Tips to make the background rectangle workaround more bearable
As mentioned at: https://graphicdesign.stackexchange.com/a/74920/21867 based on https://stackoverflow.com/questions/11293026/default-background-color-of-svg-root-element the only reliable SVG background color solution seems to be to add a colored rectangle to the background.
Unfortunately, Inkscape does not have an option to export the SVG with that rectangle automatically added, related discussion, so to make things a bit more convenient, you could use the following tips:
Just make the background rectangle larger than the image, don't worry about making it the exact same size.
SVG supports objects outside of the viewport, and only what is in the viewport will show in the end.
Making the background rectangle be exactly as large as the image can be hard when:
- the image size is not a multiple of the grid size is not a multiple of the grid size, so you have no appropriate snap
- you keep resizing the image during development to have more room for certain components
You could also just enter exact coordinates/widths manually in Inkscape, but I don't think there's any advantage in doing so.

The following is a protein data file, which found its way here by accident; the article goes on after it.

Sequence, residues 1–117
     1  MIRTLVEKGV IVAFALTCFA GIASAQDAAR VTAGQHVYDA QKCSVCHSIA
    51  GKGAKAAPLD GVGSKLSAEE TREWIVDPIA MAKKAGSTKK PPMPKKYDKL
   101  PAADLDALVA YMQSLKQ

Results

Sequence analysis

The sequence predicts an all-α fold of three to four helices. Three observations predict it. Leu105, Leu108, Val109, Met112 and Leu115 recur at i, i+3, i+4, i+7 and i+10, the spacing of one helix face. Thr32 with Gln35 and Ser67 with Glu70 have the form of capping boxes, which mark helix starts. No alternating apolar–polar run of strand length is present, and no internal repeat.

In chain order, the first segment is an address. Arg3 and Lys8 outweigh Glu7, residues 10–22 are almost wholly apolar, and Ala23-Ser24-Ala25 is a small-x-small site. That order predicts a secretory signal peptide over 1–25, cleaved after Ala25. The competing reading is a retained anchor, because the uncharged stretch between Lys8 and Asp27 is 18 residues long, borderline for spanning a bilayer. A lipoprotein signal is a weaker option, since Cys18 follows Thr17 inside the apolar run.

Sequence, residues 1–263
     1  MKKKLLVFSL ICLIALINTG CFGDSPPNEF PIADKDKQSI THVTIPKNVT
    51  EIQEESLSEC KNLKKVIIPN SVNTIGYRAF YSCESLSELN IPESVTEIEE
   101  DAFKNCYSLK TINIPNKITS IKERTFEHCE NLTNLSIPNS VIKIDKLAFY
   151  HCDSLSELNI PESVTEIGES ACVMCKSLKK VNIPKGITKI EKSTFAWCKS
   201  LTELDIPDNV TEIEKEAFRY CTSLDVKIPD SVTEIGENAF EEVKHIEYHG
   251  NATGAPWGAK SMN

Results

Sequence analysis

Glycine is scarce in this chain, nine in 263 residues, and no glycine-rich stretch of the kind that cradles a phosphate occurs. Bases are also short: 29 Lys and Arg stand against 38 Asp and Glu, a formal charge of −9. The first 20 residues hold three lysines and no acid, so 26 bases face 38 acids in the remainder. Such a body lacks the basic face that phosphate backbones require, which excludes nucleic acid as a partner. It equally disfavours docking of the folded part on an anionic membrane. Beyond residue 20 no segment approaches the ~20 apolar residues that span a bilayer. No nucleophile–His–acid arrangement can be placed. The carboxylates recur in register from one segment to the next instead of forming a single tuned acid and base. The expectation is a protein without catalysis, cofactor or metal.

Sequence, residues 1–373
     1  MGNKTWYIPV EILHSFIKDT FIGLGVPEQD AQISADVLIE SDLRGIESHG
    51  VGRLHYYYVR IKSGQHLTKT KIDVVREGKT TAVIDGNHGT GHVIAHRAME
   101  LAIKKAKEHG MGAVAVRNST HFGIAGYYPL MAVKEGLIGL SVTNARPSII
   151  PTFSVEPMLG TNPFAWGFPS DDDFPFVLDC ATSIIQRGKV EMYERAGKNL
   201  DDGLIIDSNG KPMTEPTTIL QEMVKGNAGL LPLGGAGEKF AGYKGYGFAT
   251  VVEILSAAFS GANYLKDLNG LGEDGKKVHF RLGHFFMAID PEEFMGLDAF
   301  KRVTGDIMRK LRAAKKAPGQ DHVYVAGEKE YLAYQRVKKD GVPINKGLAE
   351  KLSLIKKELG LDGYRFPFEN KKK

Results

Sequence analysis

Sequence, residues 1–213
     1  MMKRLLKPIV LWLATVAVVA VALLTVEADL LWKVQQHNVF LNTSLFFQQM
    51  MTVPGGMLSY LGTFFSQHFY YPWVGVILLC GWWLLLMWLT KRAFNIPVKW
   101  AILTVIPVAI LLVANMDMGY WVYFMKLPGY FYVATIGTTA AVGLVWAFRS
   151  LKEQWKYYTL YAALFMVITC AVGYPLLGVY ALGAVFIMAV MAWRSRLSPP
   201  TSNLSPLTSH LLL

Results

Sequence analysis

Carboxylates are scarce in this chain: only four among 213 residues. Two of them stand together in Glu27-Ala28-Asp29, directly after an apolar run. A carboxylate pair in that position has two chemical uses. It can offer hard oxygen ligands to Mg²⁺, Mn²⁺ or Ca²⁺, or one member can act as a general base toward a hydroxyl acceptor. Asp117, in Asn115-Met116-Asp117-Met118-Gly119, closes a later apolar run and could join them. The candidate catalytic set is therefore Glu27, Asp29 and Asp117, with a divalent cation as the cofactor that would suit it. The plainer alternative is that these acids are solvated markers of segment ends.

If you have a fixed target size, one alternative is to first make the rectangle, manually enter dimensions, and then Ctrl + Shift + D > "Resize page to drawing" (Ctrl + Shift + R) as mentions at: https://youtu.be/cLIYCJ0DM6Q?t=145
put the background in a separate layer below the top layer and lock it. Otherwise you are going to keep dragging it around by mistake when you would want to move foreground items instead. This tip is mentioned at: https://www.youtube.com/watch?v=cLIYCJ0DM6Q&t=196s
This also has the advantage that if you ever want to "Resize page to drawing" (Ctrl + Shift + R ) based on contents without the (oversized) background rectangle, you can just make the background layer invisible before Ctrl + Shift + R, and make it visible again aferwards, as Inkscape does not consider invisible layers for Ctrl + Shift + R.
Document properties (Ctrl + Shift + D) > Border > "Border on top of drawing", otherwise your background rectangle is going to hide the borders of the viewport, and you lose the notion of where you are inside the drawing.
Set "Document properties" (Ctrl + Shift + D) > "Checkered Background" to be able to know where your background is, otherwise it is hard to know where the background starts and ends to ensure that the entire canvas is covered
Alternatively, you can also add a border to the background rectangle. But I'd rather keep the potential for noise on the output to a minimum.
-b on the command line for PNG export
E.g. to get a white background instead of the now default transparent:
inkscape -b FFFFFF -h 1024 input.svg -o output.png
Tested on Inkscape 1.0.1, Ubuntu 20.10.